U.S. Foreign Policy

A woman wearing a mask in Iran

Democrats Push Back on Sanctions, Citing Coronavirus Fears 

They want waivers to speed medical supplies and humanitarian aid to Iran and other sanctioned nations hit hard by the pandemic.

U.S. President Donald Trump speaks next to new National Security Advisor Robert O'Brien

Trump Finally Has the Dangerous Foreign-Policy Process He Always Wanted

The U.S. president's new national security advisor has replaced the White House’s previous chaos with a new type of dysfunction.

Iranian clergymen watch the launching of a Shahab-3 long-range ballistic missile in the desert outside the holy city of Qom on Nov. 2, 2006.

The Only Sensible Iran Strategy Is Containment

The most effective plan against the Islamic Republic has always been the most obvious—and the one nobody in Washington seems willing to try.

Then-Democratic presidential candidate Sen. Bernie Sanders walks with President Barack Obama as he arrives at the White House for an Oval Office meeting on June 9, 2016.

Obama’s Foreign Policy Is Winning the 2020 Democratic Primary

Bernie Sanders and Elizabeth Warren are ready to move past the Obama administration—except when it comes to military intervention.

The six leading Democratic candidates at the presidential primary debate at Drake University in Des Moines, Iowa, on Jan. 14.

In the Latest Democratic Debate, Finally, Some Foreign Policy 

With a trimmed-down field, Democratic hopefuls sparred over Iraq, Iran, military deployments, and the threat from climate change.

U.S. President Donald Trump meets with former Secretary of State Henry Kissinger in the Oval Office of the White House on May 10, 2017.

Why Is the United States So Bad at Foreign Policy?

It’s not just Trump. Washington hasn’t had a coherent strategy for decades.

Sen. Elizabeth Warren, former Vice President Joe Biden, and Sen. Bernie Sanders participate in a Democratic presidential debate in Atlanta, Georgia, on Nov. 20.

Democratic Frontrunners Are Wrong About Aid for Israel

Putting America’s annual $3.8 billion of military assistance to Israel on the chopping block makes for good politics. But it makes no sense for U.S. national security.

U.S. President Donald Trump at the United Nations General Assembly

World Leaders Stood Behind Bill Clinton When He Was Impeached. Not So Trump.

The allies Trump has snubbed are shrugging off his impeachment—or just laughing.

U.S. President Donald Trump, left, and Turkish President Recep Tayyip Erdogan at the NATO summit in London on Dec. 4.

NATO Is Struggling Under Trans-Atlantic Tensions

After this week’s summit, members must keep turmoil in the political side of the alliance from undermining its military purpose.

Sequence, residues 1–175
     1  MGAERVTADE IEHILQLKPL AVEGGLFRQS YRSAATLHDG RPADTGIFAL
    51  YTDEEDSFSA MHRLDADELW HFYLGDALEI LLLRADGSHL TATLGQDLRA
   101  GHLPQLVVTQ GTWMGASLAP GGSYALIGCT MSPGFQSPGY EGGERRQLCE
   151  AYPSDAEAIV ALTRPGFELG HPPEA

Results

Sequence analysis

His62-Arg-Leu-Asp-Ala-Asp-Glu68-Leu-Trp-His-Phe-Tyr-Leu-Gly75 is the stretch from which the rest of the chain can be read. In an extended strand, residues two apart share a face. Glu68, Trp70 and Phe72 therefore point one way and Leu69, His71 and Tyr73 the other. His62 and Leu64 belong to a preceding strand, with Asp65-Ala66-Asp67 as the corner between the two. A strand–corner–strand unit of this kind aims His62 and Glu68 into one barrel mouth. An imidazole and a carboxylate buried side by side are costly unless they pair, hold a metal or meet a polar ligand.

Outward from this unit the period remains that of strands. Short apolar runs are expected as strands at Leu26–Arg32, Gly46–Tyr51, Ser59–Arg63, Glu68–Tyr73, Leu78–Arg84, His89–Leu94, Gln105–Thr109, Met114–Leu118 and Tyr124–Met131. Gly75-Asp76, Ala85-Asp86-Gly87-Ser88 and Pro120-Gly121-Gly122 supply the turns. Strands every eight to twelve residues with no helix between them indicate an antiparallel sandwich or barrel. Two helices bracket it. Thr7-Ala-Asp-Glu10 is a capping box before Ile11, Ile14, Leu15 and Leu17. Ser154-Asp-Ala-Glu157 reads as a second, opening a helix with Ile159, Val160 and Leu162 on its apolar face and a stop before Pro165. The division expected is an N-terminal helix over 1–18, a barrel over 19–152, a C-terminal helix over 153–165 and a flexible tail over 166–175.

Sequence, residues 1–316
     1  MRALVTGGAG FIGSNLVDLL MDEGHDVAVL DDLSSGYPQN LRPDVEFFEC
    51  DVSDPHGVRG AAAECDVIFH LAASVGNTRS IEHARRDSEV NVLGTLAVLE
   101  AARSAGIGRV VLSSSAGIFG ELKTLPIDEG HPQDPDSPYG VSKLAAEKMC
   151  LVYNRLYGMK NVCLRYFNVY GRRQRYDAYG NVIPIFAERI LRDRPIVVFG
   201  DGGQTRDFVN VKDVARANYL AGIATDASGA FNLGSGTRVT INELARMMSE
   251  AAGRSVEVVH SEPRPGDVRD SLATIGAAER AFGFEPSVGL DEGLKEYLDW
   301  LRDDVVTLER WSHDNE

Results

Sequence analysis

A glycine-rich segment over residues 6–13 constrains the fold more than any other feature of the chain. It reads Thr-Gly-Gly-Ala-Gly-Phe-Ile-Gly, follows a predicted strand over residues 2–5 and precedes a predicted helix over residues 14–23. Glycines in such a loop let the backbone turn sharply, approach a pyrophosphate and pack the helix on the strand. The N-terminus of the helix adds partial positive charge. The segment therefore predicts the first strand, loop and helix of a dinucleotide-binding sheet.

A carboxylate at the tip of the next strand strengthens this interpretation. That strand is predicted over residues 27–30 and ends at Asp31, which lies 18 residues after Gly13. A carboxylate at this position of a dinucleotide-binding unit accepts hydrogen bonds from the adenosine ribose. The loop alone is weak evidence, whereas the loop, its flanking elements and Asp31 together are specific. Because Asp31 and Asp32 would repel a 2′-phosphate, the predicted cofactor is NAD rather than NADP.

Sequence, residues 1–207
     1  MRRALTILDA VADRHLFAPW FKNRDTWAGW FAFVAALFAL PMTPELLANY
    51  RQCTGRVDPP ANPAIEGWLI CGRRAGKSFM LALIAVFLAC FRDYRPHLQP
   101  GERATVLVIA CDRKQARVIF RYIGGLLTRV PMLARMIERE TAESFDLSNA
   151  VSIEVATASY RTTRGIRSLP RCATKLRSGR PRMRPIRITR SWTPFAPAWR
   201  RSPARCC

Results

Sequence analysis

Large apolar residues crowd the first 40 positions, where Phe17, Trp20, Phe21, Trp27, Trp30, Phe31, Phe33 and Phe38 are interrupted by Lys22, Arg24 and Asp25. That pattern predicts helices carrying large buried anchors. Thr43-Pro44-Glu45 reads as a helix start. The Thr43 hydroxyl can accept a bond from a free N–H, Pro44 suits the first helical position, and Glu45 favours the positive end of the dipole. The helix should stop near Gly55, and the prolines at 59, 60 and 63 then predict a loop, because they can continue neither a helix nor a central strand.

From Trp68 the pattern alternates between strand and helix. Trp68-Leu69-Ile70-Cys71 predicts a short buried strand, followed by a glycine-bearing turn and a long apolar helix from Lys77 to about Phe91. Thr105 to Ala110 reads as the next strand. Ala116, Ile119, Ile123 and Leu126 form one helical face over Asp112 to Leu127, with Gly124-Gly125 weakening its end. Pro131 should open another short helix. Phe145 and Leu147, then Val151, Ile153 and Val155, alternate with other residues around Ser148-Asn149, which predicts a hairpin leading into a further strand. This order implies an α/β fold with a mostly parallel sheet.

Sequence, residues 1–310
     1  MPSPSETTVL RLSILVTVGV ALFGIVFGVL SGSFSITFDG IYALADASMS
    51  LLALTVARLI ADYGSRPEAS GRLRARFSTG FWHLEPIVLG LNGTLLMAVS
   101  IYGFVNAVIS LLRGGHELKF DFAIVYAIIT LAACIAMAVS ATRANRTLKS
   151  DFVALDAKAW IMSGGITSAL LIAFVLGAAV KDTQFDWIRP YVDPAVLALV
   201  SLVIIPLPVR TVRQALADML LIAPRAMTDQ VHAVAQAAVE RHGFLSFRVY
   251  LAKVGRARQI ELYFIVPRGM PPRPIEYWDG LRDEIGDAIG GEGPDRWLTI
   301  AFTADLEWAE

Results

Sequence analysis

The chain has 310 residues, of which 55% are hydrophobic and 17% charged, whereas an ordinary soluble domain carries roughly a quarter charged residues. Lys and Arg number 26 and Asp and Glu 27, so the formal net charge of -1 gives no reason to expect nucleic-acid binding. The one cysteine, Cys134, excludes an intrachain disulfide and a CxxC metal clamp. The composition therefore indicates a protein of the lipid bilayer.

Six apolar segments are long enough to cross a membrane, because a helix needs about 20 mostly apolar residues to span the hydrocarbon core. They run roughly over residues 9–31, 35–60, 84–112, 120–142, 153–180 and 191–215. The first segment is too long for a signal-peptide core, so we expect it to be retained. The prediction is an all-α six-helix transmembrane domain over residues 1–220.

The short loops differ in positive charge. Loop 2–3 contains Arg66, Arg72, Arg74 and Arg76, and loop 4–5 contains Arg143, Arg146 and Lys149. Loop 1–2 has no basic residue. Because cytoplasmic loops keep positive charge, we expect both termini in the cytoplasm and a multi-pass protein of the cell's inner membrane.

Candidate portraits by uli knörzer for Foreign Policy

For the 2020 Democrats, It’s America First, Too

The slate of Democratic candidates includes two Rhodes scholars, two ex-soldiers, and a former chair of the Senate Foreign Relations Committee. But don’t count on them to resurrect a Pax Americana.

Gordon Sondland, the U.S ambassador to the European Unio

How Impeachment Forced Foreign Policy Back Into the 2020 Race

The Democratic candidates didn’t really want to talk about the rest of the world. But the devastating testimony on Capitol Hill this week—however it ends up—ensures they will.

Democratic presidential candidate, Sen. Elizabeth Warren (D-MA) speaks at the Environmental Justice Presidential Candidate Forum at South Carolina State University on November 8, 2019 in Orangeburg, South Carolina.

Warren’s Plan to Rebuild the State Department Doesn’t Go Far Enough

Adding 8,000 foreign service officers won’t solve America’s diplomatic problems. State needs to prioritize data science, expand strategic planning, and encourage mid-career training, too.

South Sudan's President Salva Kiir arrives at Juba international airpor

South Sudan’s Proposed Unity Government Is Still Divided

Another delay won’t help achieve lasting peace. What the world’s youngest country needs is an exit strategy for its old-guard leaders.

The U.S. State Department in Washington.

Praising U.S. Diplomats for Their Testimony Is Not Enough

State Department officials who find themselves wrapped up in the Trump impeachment inquiry will need public support for years to come.

A convoy of U.S. armored vehicles in northeastern Syria on Nov. 3. (Delil Souleiman/AFP/Getty Images)

The Realists Are Wrong About Syria

Neither Trump nor the international relations experts who cheered his choice to withdraw U.S. troops have wrestled adequately with the costs of departure.

Saudi Defense Ministry spokesman Turki bin Saleh al-Malki displays materials recovered from an attack targetting a Saudi Aramco facility during a press conference in Riyadh on Sept. 18.

U.S. Deterrence in the Middle East Is Collapsing

The withdrawal from Syria is part of a broader pattern of weakness, especially in response to Iran.

James Jeffrey, the U.S. special representative for Syria engagement (center); Secretary of State Mike Pompeo (right); former National Security Advisor John Bolton (left); and Joel Rayburn, the U.S. special envoy for Syria (bottom left).

How the Iran Hawks Botched Trump’s Syria Withdrawal

Beginning with special representative James Jeffrey, U.S. officials consistently misread the threat from Turkey.

U.S. President Donald Trump signs an executive order imposing new sanctions on Iran as Vice President Mike Pence, right, and Treasury Secretary Steven Mnuchin look on, in the White House on June 24.

To Make Maximum Pressure Work, Washington Should Cancel Iran Nuclear Waivers

Iran is flouting and bypassing its nonproliferation promises. If Trump is serious about stopping an Iranian bomb, he should cancel or suspend nuclear waivers for the Fordow and Arak facilities.